While I fully realize many flight sim enthusiasts still fly FSX and FSX Steam Edition, surprisingly there appears to still be a large number of FS9 users….but I’m of the opinion that FSX (in all forms) is just simply dead. But I must again say that I don’t blame or fault QualityWings for releasing the Dreamliner for FSX. But I’m curious how long it will take them to bring this wonderful aircraft to P3D v4?
I know some might say, “but the QW development team is small” and “these things take time”. I get all that. But I will remind everyone that PMDG was able to update their older Boeing 737 NGX which was released in the 2011 timeframe (if I’m not mistaken). So in theory, the same can be said of PMDG that they began development on an aircraft prior to Prepar3D, but was still able to update/release the NGX for P3D v4 within a few weeks of release.
So….to answer my readers question. Unfortunately, when Prepar3D v4 was released earlier this year I made the decision to embrace it as my flight sim platform and I’ve not looked back to earlier P3D versions or FSX since and I don’t plan to.
But having said that. Just as soon as this beautiful aircraft is released for P3D v4.x, I will purchase it and I’m sure I’ll have more than a few things to say about it here.
I’m exhausted after a long day and ready to turn in. I’ll post this sometime on Wednesday or Thursday. So until next time….Happy Simming!
The wait is over my friends, Car Mechanic Simulator 2018 (CMS18) has been released to the masses in almost all it’s glory. I say “almost” only because there are still a few bugs (some small and some large) which have yet to be squashed. But the devs behind CMS18 are hard at work and making every effort to fix bugs and bring about all the new features promised in this version of their popular simulation based game. I quite enjoyed CMS15 and I’m looking forward to the newest version.
Beginning Tuesday, 8 August…I’m bringing Car Mechanic Simulator 2018 to the GrizzlyBearSims YouTube Channel in a new feature segment I’m calling “The Grind”. Episodes of “The Grind” will feature my CMS18 game play as I progress through the various levels on my career profile. Essentially starting at the very beginning and working my way through the various levels by earning $$$ (hopefully lots of $$$$$$) and XP points (experience points). No Cheating!!!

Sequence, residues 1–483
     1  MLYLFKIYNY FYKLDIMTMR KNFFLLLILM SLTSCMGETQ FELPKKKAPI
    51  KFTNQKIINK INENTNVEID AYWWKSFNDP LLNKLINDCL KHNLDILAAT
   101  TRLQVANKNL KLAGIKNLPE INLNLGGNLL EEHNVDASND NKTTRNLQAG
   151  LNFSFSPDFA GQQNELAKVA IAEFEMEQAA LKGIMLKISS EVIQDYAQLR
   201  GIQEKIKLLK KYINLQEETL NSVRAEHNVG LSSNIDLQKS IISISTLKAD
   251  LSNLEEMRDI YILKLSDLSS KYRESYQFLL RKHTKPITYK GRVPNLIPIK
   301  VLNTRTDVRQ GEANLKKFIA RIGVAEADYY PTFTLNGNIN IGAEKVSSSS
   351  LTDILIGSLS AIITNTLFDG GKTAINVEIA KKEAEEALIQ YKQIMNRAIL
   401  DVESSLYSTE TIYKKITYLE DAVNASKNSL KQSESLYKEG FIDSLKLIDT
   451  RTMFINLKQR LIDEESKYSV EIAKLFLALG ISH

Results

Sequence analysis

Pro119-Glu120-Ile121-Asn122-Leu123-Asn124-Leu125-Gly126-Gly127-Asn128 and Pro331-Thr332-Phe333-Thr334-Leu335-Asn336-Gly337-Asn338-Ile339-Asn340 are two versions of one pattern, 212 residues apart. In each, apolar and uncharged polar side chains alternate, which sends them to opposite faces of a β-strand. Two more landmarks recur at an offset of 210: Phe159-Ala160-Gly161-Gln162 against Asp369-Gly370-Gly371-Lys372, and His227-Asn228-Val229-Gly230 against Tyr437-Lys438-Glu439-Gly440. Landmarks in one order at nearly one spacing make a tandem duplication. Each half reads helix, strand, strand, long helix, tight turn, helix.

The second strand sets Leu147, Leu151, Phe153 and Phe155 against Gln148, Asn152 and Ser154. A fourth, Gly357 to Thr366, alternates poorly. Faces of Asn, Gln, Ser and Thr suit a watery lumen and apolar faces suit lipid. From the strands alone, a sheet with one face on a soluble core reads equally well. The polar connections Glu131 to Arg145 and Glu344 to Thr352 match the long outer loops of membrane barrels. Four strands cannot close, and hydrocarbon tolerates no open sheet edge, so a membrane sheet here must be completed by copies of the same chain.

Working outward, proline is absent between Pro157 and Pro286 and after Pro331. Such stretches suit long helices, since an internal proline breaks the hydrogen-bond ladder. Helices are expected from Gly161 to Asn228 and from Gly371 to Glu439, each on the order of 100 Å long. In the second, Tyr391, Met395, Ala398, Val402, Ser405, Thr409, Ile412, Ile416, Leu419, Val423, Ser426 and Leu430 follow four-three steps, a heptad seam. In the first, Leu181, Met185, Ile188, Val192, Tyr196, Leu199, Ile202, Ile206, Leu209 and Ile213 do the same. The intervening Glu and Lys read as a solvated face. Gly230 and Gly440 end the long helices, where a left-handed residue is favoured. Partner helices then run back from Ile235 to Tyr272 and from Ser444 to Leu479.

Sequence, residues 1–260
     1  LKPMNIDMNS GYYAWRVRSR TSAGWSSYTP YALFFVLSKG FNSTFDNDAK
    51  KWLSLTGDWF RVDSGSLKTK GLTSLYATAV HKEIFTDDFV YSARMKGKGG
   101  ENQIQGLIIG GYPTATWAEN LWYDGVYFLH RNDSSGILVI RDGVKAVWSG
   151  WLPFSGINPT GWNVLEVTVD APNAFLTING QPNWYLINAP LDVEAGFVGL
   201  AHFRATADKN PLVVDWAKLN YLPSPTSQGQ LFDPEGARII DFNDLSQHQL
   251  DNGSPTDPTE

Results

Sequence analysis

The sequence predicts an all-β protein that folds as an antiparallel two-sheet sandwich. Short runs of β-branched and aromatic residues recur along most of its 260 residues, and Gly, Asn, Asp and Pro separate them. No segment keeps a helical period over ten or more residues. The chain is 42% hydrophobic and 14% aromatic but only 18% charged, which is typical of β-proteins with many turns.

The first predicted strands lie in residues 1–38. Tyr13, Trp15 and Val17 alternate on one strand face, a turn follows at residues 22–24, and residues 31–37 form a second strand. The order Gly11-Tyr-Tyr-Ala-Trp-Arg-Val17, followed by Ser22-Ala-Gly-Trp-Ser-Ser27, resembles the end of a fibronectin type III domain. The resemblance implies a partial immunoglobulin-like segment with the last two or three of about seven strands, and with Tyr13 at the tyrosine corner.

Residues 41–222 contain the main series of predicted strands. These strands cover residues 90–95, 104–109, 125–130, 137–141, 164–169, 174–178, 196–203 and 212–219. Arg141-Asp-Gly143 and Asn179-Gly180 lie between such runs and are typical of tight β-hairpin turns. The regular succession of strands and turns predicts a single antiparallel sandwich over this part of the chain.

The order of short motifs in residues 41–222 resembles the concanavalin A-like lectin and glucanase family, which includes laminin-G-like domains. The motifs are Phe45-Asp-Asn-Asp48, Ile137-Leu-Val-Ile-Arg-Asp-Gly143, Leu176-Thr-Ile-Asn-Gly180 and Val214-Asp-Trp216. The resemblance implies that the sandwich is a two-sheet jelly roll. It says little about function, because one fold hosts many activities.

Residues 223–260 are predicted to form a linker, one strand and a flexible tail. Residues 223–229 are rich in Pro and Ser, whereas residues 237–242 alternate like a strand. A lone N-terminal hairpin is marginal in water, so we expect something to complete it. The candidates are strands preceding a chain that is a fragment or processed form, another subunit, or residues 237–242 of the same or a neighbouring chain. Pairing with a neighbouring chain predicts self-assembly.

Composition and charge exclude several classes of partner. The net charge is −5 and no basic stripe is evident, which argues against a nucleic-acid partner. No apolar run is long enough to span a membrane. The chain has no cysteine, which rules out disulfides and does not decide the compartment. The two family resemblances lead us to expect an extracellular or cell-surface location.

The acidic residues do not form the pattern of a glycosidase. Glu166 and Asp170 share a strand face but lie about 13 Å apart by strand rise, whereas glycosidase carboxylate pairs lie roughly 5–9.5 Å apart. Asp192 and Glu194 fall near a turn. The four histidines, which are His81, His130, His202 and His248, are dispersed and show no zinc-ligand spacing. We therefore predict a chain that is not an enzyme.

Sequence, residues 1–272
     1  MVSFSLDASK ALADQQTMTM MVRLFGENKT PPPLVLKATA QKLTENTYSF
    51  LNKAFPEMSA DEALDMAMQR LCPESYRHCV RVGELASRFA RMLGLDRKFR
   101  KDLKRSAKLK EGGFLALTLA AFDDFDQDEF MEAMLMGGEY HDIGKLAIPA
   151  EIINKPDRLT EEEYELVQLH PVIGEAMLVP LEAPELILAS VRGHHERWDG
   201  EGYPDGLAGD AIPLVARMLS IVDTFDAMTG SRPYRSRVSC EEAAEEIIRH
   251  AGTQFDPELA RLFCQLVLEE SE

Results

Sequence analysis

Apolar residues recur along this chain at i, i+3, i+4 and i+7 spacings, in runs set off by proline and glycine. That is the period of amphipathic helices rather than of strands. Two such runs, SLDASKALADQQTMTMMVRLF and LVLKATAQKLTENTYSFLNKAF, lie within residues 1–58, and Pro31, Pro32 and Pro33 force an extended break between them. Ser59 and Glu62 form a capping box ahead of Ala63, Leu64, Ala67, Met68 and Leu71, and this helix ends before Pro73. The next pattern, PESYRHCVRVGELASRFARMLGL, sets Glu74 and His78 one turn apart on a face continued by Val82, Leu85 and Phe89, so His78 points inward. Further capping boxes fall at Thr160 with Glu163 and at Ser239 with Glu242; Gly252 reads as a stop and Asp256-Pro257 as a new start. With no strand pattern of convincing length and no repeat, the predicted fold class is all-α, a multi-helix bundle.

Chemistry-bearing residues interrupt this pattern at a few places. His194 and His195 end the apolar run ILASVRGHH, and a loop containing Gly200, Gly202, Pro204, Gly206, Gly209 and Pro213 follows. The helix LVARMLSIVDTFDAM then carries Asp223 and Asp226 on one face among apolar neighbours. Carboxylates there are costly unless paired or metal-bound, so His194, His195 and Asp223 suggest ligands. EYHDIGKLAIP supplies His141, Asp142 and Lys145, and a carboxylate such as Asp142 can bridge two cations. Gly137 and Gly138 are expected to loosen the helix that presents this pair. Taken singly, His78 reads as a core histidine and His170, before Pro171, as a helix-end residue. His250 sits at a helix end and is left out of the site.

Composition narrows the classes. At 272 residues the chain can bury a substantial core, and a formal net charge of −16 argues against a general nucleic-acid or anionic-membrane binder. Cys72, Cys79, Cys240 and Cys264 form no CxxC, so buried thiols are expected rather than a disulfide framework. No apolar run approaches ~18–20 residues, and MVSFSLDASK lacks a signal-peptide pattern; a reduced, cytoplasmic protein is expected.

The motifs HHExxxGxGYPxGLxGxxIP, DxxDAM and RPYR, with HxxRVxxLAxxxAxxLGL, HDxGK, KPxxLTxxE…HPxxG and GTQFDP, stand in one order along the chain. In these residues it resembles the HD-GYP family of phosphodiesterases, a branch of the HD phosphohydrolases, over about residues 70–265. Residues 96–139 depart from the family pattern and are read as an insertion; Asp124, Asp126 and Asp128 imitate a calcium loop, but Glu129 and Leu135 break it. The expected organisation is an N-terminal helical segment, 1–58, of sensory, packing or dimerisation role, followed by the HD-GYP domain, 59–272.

The first episode will find me about 3 hours or so into my game play. Yes, I’m doing my best to save you from watching me fumble around with the new controls and features of the CMS18 game play. Yes, there are some major differences between both the look and feel, but also functionality with the updated game. But I’ll discuss some of these, point out a few tips I’ve learned along the way and hopefully deliver episodes in the 30-45 minute range once or twice per week.
As I progress through the game play and open up the auction and the brand new features of barn finds and junk yard, I will create a new playlist for these complete restoration projects. I must admit that I really enjoy stripping an auction purchase all the way down, rebuilding with 100% new or rebuilt parts and selling for profit. These special projects videos will include all the steps from initial purchase all the way through the rebuild process.
Now as I stated at the top of the article, there are some bugs in the game. From what I understand, the dev teams are working hard to eliminate these bugs and also bring about some of the promised functionality. In addition, the devs are also hard at work on optimizing the game for performance reasons. I’ve owned the game for approx. a week and in this span of time much progress has been made in correcting bugs and improving the overall performance of the game. More still needs to be done, but the devs are committed and making excellent progress.
Geez…sometimes you have to wonder if all this is really worth it……
It’s been brought to my attention that someone using the name or handle of GrizzlyMan has been doing some pretty despicable things with various Farming Simulator mods (including maps) and re-uploading them to various mod hosting sites including modhub. One specific example has to do with the Hobbs Farm map. Grizzlyman made some edits, created lots of errors and then re-uploaded Hobbs Farm (calling it Texas Dedication of Hobbs Farm) to modhub.
One of my viewers contacted me about this and wanted to bring it to my attention. Note: My viewer DID NOT accuse me (GrizzlyBearSims) and GrizzlyMan as being one in the same person. He was simply bringing this to my attention and simply mentioned some could get confused. Especially since I’m originally from Texas and proud of it.